[0255] Once this status is achieved, the register on the SIM card is once again being used as HNCR. The MS will now again take part in the HN's pre-paid service just like before. The forwarding service is cancelled.

[0256] If the user leaves one VN and then visits another VN, the new VN unknowingly will send a message to the HN to ask for the release of the credit register. The HN will then proceed as if the user had returned to the HN. However, it will only go as far as to have the previous VN to release the credit register. The HN will not restore the credit but instruct the MS to accept the new VN as its new master. From then on the system follows the same steps as if the user had been coming from the HN to visit the new VN.

[0257] The benefit of this system is simplicity. It is particularly well suited for hybrid pre-paid systems because they can more easily deal with the situation not to have to rely on the register while the MS is visiting another network. Networks with pure local storage systems may have to rely on the visited network to charge for all services and then settle between the networks. In such a situation the following arrangements are likely: a) Where the networks do not want to do any settlement, there will be no inbound call forwarding by the HN, only a change of the voicemail greeting to notify callers of the phone's temporary number; Further, b) once credit has been established in the VN all calls (including inbound forwarded from the HN) are charged in the VN; and c) the VN “purchases” the remaining credit on the card from the HN and all calls (including inbound forwarded from the HN) are charged in the VN.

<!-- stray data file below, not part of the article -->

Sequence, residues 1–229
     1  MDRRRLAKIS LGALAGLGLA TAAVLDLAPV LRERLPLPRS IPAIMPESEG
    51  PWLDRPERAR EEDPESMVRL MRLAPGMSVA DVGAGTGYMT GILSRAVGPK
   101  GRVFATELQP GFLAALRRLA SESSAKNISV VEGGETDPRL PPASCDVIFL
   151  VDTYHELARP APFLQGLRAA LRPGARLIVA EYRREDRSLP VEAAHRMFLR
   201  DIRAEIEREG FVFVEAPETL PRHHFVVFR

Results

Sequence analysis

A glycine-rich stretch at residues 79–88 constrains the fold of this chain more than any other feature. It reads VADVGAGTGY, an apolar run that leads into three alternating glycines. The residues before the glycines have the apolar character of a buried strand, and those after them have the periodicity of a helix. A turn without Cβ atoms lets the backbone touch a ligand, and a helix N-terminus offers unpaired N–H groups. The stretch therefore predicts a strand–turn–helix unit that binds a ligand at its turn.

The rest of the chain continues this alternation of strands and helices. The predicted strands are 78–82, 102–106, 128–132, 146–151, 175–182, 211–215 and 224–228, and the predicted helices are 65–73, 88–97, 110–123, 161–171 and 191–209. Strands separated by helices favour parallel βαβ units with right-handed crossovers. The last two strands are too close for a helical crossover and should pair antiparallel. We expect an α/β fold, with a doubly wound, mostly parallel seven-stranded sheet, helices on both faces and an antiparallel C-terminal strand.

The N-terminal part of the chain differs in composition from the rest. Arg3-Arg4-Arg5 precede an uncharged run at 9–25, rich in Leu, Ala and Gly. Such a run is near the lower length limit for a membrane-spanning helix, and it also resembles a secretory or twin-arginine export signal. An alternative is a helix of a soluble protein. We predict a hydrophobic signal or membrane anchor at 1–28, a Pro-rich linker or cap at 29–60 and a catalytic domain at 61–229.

[0258] As discussed above, there may be provided, either as part of the first preferred embodiment or as an alternative to it, an opt-in service for persons who have roaming enabled but who may wish to take advantage of having a local account when in a visited network. For example, upon sign-on to a network offering the service, the user could be asked by a dialog on their phone's screen if they wanted to opt for a cheaper pre-paid based roaming service—in this example, the predetermined condition would be that the user replies positively to the offer. Alternatively, when the user signs on, they could be provided with a short message with instructions as to how to opt for the cheaper pre-paid service. Further, the user may have already nominated with a service bureau that they would be interested in considering the pre-paid roaming service or would like to take up the pre-paid roaming service when they are in a visited network. A further possibility is that the user could nominate that they wished to be offered pre-paid roaming or would like to take up pre-paid roaming automatically in certain networks.

[0259] Once the user has opted for pre-paid roaming in the visited network, the user can make and receive calls in accordance with one of the techniques described above. If the user's pre-paid account expires or if the user is in an area which is not covered by the pre-paid roaming service, the user can fall back on the traditional roaming service.

[0260] The apparatus for allowing a user to select a pre-paid roaming service in a visited network 3 even when they are allowed to roam by the home network 1 can be used independently or in conjunction with apparatus which allows a mobile station which is not allowed to roam by a home network 1 to roam in a visited network. It will be further understood that the apparatus of the two systems can be integrated. In this case, additional queries which are illustrated in FIG. 3 are made to determine whether a temporary account should be created even though the user has traditional roaming enabled.